Coprolites from Rock Shelters: Hunter-Gatherers â€œHerdingâ€ Barbary Sheep in the Early Holocene Sahara
- Permanent Link:
- Coprolites from Rock Shelters: Hunter-Gatherers â€œHerdingâ€ Barbary Sheep in the Early Holocene Sahara
- Series Title:
- Journal of African Archaeology
- Rotunno, Rocco
Mercuri, Anna Maria
di Lernia, Savino
- Publication Date:
- Subjects / Keywords:
- Tadrart Acacus ( local )
Hunter-Gatherers ( local )
Multiporate Pollen ( local )
Corralling ( local )
Wild Animal Management ( local )
Spatial Analysis ( local )
- serial ( sobekcm )
- Archaeological deposits in rock shelters have enormous informative potential, particularly in arid environments where organic materials are well preserved. In these areas, sub-fossilized coprolites and dung remains have been identified as valuable proxies for inferences about past environments, subsistence economies and cultural trajectories. Here we present a multidisciplinary analysis of bovid (ovicaprine) coprolites collected from the Early Holocene hunter-gatherer occupation at Takarkori rock shelter (SW Libya, central Sahara). Our results show that Barbary sheep (Ammotragus lervia) were managed as early as ~9500 years cal BP, mostly with the rearing of juveniles. Palynological analysis of individual pellets suggests a seasonal confinement of the animals and the selection of fodder. GIS analysis of coprolite distribution also indicates sophisticated strategies of Barbary sheep â€œherdingâ€ and spatial differentiation of specialized areas within the rock shelter, including the construction and use of a stone-based enclosure for corralling animals. These highly structured and organized forms of control over wild animals are interpreted as a potential co-evolutionary trigger for the subsequent rapid adoption and integration of the incoming pastoral Neolithic economy.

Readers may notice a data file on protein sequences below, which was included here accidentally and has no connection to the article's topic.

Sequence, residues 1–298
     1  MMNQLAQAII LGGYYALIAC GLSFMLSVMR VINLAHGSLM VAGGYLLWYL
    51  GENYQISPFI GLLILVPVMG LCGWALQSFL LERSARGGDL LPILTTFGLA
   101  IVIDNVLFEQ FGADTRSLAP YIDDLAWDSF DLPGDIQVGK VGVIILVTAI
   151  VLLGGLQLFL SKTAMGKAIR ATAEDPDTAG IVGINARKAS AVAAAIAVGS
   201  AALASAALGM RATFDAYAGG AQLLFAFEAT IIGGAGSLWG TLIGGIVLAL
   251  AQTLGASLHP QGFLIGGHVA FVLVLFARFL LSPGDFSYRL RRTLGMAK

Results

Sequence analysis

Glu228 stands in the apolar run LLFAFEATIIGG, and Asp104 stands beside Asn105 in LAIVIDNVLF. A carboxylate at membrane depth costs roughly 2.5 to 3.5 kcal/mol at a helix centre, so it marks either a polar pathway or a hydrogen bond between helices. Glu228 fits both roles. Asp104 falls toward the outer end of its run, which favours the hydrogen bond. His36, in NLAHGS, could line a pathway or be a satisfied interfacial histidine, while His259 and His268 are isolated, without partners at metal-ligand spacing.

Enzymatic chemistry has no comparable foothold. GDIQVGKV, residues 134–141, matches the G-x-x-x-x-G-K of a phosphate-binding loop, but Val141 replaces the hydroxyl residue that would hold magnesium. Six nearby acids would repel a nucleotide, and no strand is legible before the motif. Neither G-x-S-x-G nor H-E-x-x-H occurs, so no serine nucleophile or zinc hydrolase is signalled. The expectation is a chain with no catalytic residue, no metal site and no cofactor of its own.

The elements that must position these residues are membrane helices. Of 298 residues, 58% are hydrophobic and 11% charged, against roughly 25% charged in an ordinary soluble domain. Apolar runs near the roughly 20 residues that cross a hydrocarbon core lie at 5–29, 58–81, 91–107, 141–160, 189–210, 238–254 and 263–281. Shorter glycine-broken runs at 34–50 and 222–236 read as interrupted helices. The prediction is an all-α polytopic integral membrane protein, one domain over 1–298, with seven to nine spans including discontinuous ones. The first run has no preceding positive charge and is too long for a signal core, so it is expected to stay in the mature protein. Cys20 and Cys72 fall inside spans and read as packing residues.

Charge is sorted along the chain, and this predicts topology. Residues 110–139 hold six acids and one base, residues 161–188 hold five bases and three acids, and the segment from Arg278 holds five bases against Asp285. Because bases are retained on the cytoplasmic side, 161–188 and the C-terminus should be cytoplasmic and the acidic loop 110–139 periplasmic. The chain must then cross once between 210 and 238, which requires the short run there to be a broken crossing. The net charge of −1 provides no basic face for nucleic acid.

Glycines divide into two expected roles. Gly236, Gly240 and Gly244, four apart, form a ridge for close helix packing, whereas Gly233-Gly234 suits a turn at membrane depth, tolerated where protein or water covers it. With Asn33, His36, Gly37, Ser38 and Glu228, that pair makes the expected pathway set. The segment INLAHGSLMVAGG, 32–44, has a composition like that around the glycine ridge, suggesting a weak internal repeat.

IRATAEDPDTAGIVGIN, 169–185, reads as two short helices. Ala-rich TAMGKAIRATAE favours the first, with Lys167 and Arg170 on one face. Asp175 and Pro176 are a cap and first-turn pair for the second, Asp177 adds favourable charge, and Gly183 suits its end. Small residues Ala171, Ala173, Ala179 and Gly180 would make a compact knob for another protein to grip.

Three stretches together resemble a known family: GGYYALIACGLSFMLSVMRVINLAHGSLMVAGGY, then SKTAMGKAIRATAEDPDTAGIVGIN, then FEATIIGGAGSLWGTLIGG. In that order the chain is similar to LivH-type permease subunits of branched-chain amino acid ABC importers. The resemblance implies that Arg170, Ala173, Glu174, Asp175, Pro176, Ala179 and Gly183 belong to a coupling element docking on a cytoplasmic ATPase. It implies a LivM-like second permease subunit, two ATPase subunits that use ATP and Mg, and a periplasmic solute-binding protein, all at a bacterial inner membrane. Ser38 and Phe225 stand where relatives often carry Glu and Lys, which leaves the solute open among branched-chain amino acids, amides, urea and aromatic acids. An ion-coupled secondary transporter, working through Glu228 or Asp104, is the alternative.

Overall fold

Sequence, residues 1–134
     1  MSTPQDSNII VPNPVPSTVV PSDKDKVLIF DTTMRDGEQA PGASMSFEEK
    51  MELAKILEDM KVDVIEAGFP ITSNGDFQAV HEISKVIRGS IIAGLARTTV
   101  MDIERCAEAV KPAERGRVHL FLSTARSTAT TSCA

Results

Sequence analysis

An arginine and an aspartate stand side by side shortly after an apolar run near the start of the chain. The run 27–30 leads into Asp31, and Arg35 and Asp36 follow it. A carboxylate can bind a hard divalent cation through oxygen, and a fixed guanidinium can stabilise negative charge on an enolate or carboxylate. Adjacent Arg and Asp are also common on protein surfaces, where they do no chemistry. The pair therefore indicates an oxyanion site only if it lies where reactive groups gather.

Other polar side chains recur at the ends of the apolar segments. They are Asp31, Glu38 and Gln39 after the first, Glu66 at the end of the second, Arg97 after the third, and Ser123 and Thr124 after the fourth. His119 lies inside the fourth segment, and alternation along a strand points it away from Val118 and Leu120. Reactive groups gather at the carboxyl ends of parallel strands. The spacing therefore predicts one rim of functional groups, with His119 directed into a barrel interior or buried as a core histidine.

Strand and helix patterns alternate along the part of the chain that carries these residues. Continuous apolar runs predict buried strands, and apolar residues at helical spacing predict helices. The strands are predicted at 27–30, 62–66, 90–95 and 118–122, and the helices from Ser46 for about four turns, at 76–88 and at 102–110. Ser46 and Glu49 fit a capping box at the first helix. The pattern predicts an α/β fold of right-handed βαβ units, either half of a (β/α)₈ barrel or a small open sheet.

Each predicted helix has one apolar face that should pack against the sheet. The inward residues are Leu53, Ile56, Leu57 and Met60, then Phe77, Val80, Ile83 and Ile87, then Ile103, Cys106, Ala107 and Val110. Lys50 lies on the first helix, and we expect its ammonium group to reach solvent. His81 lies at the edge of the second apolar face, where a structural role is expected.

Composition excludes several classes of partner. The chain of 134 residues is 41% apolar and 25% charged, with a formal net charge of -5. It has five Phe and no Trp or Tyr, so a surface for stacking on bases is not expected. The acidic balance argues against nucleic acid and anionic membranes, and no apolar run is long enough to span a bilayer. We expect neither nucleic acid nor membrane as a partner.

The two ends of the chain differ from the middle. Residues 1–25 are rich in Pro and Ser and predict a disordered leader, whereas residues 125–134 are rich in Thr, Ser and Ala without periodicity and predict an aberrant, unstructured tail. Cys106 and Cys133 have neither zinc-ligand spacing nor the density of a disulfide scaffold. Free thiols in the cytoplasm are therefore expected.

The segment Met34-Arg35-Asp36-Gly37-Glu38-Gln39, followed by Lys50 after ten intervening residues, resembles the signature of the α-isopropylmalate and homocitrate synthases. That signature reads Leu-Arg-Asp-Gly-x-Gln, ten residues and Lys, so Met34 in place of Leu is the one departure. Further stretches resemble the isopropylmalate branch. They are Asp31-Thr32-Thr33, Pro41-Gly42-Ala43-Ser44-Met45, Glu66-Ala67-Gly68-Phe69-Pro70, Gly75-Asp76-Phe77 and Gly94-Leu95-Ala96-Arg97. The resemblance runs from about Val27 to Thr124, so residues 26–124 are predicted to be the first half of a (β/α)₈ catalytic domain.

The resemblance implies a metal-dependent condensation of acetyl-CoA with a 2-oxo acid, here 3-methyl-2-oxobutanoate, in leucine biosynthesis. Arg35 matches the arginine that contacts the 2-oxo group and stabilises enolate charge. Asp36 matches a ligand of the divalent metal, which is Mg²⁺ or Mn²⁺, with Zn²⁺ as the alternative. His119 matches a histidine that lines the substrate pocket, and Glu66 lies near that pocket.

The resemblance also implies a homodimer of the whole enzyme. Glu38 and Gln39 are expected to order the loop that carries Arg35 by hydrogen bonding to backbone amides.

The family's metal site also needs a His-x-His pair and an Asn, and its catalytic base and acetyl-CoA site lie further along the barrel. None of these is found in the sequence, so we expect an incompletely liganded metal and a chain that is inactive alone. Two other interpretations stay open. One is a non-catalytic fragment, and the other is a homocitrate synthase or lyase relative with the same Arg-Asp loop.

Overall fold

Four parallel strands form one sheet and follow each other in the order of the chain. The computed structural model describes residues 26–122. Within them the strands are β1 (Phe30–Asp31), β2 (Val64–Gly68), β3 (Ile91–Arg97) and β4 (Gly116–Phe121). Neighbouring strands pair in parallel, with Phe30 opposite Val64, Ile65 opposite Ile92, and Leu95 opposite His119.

- Original Version:
- Journal of African Archaeology, Vol. 17, no. 1 (2019-07-09).
- Source Institution:
- University of South Florida Library
- Holding Location:
- University of South Florida
- Rights Management:
- This object is protected by copyright, and is made available here for research and educational purposes. Permission to reuse, publish, or reproduce the object beyond the bounds of Fair Use or other exemptions to copyright law must be obtained from the copyright holder.
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